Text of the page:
A fair bit of my job is dealing with and building solutions around the Essbase Java API. For many years, the Java API has been the premier way to programmatically work with Essbase (compared to say, the C and VB APIs, which have fallen out of favor). As part of this development work, it’s often important to see when (in terms of version) a certain class, method, interface, or other object has been added, modified, removed, or deprecated.
As a bit of a side project, I have been working with a library for comparing Java JARs to each other (japicmp). By processing and interpreting the results of just about every single Essbase Java JAR from 7.0.1, through the 9.x series, multiple 11.x’s, and finally to version 12.2.x, I have come up with something of a master table that shows all of these changes. You can view the initial results of the Essbase JAPI JAR evolution analysis. I’ll probably refresh this and enhance the output as new library versions become available or as I determine that additional insights become useful.
Screenshot from the Essbase Java API evolution analyzer
I blogged quite some time ago about using JNDI to configure database connections in Dodeca. As I mentioned then, JNDI can bring some useful improvements to your configuration, management, security, and administration of your environment versus how you might be configuring normal JDBC connections. To be clear, this isn’t because JNDI connections are inherently better from a performance standpoint, it’s just that it might be a cleaner solution in various ways.
My original blog post looked at configuring a pretty typical MySQL connection in JNDI. As I have worked with this in the last few months, I have run into a few issues with the configuration as it related to connection timeout issues. I was occasionally getting some timeout issues like this:
MySQL connection timeout when configured with JNDI
Helpfully enough (or perhaps unhelpfully) the error message itself reports that perhaps the autoReconnect=true setting would be of help. I’ve actually used that setting in the past and it seemed to help things out. But as it turns out, that setting is deprecated and should not be used. There are some alternative techniques that can/should be used to ensure the program gets a valid connection back.
One common technique is to specify a “validation query”. This is often something like
SELECT 1 or
SELECT 1 FROM DUAL depending on the particular database technology being used. You can use
SELECT 1 for MySQL. What this essentially means is that before returning a connection via JNDI to the Java servlet to do things with, the connection pool manager is going to run the validation query to ensure that it is indeed a valid connection (able to connect, doesn’t error out, and so on.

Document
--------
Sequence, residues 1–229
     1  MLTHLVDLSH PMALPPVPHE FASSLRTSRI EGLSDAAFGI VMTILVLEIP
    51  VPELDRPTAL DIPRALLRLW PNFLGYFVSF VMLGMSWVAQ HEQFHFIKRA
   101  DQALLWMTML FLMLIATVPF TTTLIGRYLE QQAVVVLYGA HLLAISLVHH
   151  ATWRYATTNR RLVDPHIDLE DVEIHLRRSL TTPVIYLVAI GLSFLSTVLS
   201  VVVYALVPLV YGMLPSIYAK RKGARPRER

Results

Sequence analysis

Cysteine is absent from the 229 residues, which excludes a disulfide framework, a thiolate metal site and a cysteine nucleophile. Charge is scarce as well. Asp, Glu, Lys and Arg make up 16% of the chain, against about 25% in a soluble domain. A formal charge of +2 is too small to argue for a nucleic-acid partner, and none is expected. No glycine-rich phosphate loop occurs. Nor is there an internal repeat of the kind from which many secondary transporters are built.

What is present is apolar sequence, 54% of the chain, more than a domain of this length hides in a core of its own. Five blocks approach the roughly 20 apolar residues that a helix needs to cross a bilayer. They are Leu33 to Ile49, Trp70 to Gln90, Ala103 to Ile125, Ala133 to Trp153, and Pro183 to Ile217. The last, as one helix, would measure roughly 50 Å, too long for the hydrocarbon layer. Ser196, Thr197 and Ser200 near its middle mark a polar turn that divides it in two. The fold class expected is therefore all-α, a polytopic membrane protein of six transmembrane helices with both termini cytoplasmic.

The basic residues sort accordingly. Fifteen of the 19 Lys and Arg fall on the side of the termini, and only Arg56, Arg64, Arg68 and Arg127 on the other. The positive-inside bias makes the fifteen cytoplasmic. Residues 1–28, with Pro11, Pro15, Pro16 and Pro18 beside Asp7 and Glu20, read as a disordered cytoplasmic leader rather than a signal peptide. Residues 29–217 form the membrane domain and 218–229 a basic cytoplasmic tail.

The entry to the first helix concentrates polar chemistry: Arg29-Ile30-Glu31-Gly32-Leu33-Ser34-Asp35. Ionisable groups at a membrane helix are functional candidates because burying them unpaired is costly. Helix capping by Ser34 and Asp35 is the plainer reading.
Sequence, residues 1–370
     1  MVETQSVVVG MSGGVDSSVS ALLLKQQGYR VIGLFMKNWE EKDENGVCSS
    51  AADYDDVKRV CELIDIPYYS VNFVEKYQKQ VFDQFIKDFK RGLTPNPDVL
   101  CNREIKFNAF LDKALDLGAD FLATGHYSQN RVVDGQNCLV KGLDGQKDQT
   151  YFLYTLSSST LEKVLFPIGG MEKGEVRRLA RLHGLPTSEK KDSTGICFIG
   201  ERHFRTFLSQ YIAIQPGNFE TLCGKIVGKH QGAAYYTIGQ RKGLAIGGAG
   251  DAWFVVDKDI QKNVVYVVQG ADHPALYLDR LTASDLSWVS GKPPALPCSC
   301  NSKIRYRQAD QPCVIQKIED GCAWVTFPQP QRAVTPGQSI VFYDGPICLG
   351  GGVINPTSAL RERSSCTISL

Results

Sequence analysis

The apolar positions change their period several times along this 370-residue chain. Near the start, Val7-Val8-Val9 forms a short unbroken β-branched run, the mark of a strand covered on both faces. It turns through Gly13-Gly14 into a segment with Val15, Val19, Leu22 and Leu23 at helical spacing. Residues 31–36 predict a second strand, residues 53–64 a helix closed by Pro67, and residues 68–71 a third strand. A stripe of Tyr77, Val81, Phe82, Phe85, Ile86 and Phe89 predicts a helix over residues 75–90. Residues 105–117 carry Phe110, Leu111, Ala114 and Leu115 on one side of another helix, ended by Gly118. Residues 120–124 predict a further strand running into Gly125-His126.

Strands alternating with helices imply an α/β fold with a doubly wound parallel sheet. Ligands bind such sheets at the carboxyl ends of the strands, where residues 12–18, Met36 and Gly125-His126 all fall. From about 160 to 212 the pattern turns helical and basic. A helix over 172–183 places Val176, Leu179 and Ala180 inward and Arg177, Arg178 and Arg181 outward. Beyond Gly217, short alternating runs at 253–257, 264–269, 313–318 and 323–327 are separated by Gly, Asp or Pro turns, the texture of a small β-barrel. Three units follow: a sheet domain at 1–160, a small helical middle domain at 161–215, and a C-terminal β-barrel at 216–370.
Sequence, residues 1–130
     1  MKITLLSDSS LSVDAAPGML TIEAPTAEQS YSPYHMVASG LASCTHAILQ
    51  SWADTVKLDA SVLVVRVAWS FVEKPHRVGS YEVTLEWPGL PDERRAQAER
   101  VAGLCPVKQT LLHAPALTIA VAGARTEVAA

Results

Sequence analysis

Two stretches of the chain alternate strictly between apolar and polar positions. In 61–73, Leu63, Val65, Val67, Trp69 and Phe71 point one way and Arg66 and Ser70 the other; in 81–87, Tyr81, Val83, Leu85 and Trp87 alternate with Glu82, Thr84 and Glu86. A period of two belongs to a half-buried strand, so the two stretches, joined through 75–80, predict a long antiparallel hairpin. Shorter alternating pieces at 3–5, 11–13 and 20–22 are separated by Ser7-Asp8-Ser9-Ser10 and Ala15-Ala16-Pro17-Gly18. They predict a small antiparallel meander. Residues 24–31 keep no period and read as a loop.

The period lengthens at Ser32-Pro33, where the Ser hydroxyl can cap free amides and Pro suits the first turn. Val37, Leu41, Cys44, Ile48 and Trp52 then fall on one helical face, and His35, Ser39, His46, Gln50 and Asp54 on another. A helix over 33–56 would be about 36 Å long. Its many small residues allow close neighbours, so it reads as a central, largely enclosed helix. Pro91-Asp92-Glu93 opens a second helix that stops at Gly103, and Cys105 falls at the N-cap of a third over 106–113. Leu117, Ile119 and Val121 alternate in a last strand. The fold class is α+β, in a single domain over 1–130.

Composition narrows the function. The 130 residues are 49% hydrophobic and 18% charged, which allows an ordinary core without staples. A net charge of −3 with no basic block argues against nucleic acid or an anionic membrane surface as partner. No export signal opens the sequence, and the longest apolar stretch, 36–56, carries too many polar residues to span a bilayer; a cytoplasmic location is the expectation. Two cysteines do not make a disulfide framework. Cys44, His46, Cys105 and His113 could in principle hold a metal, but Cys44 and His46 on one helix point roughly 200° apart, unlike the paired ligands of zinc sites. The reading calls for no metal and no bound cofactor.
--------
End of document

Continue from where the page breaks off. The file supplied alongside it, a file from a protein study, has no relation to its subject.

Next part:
Interestingly enough, MySQL in particular has added an optimization for this use case such that you can give it a sort of fake query (code:
/* ping */) and it’s slightly more optimized than the overhead involved with a SELECT 1.
Together with this optimized test query, some additional attributes on the JNDI configuration (
removedAbandoned, I’ve updated the overall JNDI configuration and it seems to be much more robust. Here’s the new connection JNDI code from my Tomcat context.xml:
<Resource name="jdbc/dodeca_sample" auth="Container" type="javax.sql.DataSource" username="dodeca" password="password" driverClassName="com.mysql.jdbc.Driver" url="jdbc:mysql://localhost/dodeca_sample?noDatetimeStringSync=true" maxActive="100" maxIdle="30" maxWait="10000" removeAbandoned="true" removeAbandonedTimeout="20" logAbandoned="true" validationQuery="/* ping */" testWhileIdle="true" testOnBorrow="true" testOnReturn="false" />
<ResourceLink name="jdbc/dodeca_sample" global="jdbc/dodeca_sample" type="javax.sql.DataSource"/>
Remember the last time you thought, “You know, Excel is just a little too modern, I wish I could do multi-dimensional analysis using my keyboard, in a terminal, the way the Pilgrims did it.”
Yet, here we are.
I was going to originally
throw this over the fence release this as a bit of an April Fool’s joke, but I didn’t have quite enough time. I actually showed this off to the fine folks at my Collaborate session last month, and believe it or not, some of the people there thought it had some interesting use-cases. Continue Reading…
The PBJ library has been getting a lot of attention lately from various developers using it to integrate with their own software and projects. Francisco Amores did a great blog post about using PBJ to help with data loading in an FDMEE project. Probably the coolest thing about his efforts is that it’s use-case I never imagined: using PBJ in Jython to access PBCS.
One of the things that has been so great about collaborating with Francisco is getting targeted, useful, and practical comments on how he’s using the library and how it can be made better. And I have found time to make various improvements, enhancements, and fix bugs to address his feedback. This is one of the greatest things about open source software.
Have you ever wondered what the difference between a JDBC and a JNDI connection is? If you’re familiar with at least one of these, it’s likely that you’re familiar with JDBC (but probably not JNDI).
JDBC connections come up often in the Oracle world (for good reason). It’s a standard model/framework for designing drivers that interact with relational databases. As it pertains to us in the Hyperion, Dodeca (and even Drillbridge!) world is that we often define connections in terms of specifying JDBC parameters. This typically means a driver class name (like com.mysql.jdbc.Driver for a MySQL driver), a JDBC URL (a URL specifying a server and optionally a database/schema and other parameters), and credentials (username/password). So if you’ve poked around in your infrastructure much at all, there’s a good chance that you’ve come across a JDBC connection.